Vitebsk (Gorodok) Offensive

On December 8 the STAVKA directed the new commander of 1st Baltic Front, Army Gen. I. K. Bagramyan, to go over to the defense so his armies could regroup and refit prior to another offensive to take Vitebsk as well as the town of Gorodok to the north. The forces of his Front, including the 91st Guards, were by now seriously under strength from near-continuous fighting since early October. The new offensive on Vitebsk would also involve the 33rd Army of Western Front and would begin on December 19.[12] Lt. Col. Karamushko was reassigned as deputy commander of 9th Guards Rifle Division after Col. Aleksandr Borisovich Rodionov took over command of the division on December 15. During the month, as part of 39th Army's regrouping, the division was transferred to the 5th Guards Rifle Corps.[13]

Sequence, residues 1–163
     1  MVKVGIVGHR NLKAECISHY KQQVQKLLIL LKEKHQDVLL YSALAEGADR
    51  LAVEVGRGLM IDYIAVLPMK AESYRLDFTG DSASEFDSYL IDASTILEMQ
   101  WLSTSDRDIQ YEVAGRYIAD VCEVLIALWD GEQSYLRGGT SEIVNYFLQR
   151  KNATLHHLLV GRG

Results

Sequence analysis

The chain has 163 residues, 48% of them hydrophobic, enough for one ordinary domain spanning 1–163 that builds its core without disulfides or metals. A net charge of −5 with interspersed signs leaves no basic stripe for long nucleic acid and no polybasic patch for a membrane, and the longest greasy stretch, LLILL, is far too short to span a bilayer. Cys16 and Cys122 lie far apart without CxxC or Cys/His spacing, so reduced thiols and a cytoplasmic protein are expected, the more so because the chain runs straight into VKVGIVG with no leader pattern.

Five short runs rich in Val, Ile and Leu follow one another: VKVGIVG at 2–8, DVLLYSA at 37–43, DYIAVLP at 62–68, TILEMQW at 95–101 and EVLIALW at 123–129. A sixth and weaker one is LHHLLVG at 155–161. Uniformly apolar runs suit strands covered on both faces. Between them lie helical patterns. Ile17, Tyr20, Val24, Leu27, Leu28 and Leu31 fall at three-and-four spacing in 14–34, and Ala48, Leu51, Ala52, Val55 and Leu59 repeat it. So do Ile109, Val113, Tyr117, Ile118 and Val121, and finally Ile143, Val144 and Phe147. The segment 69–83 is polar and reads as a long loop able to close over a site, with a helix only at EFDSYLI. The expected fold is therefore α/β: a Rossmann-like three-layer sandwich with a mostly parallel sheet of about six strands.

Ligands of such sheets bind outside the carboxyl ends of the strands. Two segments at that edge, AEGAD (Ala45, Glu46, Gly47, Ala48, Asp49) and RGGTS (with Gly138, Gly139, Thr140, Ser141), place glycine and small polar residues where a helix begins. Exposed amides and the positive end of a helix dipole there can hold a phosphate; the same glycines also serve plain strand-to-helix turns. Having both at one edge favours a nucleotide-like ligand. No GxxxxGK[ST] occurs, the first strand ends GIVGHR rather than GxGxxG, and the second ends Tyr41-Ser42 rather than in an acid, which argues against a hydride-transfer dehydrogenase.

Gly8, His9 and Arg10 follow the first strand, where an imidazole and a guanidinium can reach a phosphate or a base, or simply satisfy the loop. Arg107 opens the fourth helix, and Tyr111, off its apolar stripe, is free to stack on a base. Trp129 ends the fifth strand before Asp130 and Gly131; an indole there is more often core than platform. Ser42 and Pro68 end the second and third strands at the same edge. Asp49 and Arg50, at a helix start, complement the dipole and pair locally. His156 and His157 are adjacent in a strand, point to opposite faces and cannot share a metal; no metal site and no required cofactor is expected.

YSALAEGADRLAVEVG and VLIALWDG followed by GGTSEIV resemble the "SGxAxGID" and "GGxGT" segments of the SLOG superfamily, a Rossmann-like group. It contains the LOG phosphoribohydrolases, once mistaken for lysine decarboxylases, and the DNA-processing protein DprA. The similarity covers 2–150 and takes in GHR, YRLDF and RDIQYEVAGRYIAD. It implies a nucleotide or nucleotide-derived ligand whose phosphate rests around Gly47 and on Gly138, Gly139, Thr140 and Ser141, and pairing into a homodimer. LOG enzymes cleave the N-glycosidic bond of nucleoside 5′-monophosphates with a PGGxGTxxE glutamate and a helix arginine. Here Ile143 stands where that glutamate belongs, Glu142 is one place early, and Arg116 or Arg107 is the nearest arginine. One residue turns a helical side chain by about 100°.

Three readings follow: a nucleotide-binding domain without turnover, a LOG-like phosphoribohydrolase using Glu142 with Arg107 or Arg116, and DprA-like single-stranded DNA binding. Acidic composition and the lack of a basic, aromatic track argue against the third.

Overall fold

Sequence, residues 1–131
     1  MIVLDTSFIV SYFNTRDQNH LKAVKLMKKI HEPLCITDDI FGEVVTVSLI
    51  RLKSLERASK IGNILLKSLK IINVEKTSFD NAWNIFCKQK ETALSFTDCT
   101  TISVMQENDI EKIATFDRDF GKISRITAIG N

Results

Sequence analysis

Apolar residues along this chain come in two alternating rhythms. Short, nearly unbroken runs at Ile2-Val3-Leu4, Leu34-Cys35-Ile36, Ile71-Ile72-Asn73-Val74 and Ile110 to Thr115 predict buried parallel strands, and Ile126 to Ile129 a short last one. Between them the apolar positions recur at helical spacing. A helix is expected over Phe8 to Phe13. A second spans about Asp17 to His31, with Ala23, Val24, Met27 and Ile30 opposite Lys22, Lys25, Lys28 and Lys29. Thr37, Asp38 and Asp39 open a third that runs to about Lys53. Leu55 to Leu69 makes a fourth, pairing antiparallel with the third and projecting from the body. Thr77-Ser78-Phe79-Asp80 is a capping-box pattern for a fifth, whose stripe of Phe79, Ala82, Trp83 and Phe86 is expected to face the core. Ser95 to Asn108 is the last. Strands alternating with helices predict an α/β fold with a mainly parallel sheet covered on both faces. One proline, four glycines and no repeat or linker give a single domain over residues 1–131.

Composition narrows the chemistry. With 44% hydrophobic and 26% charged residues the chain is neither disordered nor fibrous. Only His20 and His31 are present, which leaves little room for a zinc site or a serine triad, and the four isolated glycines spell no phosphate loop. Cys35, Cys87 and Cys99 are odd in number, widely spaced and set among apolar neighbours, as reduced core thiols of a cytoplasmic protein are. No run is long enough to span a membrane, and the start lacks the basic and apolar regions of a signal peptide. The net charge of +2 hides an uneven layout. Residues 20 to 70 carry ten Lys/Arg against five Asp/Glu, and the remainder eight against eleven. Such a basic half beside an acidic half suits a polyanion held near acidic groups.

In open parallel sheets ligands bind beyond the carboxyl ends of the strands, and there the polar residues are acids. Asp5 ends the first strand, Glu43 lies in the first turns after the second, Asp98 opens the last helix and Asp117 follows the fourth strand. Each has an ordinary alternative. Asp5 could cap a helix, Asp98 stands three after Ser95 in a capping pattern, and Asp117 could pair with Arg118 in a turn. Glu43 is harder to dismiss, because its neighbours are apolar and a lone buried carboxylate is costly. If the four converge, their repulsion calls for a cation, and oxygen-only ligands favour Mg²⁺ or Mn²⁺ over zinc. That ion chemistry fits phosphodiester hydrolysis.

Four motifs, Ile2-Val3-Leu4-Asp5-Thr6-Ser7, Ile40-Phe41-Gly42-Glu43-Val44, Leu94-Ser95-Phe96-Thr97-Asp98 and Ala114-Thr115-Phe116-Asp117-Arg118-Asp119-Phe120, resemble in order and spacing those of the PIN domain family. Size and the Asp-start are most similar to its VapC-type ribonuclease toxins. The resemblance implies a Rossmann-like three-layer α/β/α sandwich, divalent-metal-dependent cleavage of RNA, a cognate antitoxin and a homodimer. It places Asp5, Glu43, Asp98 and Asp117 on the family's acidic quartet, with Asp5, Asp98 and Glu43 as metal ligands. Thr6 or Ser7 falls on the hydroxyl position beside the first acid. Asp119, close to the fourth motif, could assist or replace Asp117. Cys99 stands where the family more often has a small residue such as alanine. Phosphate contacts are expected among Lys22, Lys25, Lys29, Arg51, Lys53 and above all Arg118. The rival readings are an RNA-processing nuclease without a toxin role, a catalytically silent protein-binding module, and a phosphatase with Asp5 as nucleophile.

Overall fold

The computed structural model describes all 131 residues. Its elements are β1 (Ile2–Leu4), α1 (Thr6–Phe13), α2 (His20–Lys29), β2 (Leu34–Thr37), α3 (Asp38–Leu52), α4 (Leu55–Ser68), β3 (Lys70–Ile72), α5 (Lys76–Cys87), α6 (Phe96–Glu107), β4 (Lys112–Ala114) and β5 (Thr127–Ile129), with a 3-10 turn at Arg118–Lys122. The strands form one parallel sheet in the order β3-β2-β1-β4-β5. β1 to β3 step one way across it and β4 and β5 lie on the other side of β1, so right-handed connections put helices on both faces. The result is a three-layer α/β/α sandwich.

At the start of the offensive the combined forces of 43rd and 39th Armies struck the defenses of 14th Infantry Division. According to German records eight rifle divisions, one rifle brigade and two tank units participated in the initial assault on a 16km-wide sector from Borok northeast to Kasenki, south of the Vitebsk–Surazh road. General Berzarin had deployed his 5th Guards and 1st Rifle Corps, soon reinforced with 84th Corps and several separate formations, on the Borok–Goriane sector. The 91st Guards and 17th Guards were in the first echelon of 5th Guards Corps and had the 28th Guards Tank Brigade in support. Overall the two armies drove the defenders back up to 3km on an 8km-wide front by day's end on December 19 and almost reached the Vitebsk–Surazh road. The next day the second echelon divisions were committed to develop the attack; these gained another 2km in heavy fighting but were still unable to cross the road. The 14th Infantry committed all its reserves and was reinforced with one regiment of the 197th Infantry transferred from the Orsha sector. The battle raged until December 23 by which time the Soviet forces had reached the road on a 10km sector from Piatiletna to Kasenki. Prior to this Bezarin withdrew the 5th Guards Corps on December 21 and transferred it south to the Smolensk–Vitebsk road to reinforce an assault along that axis.[14]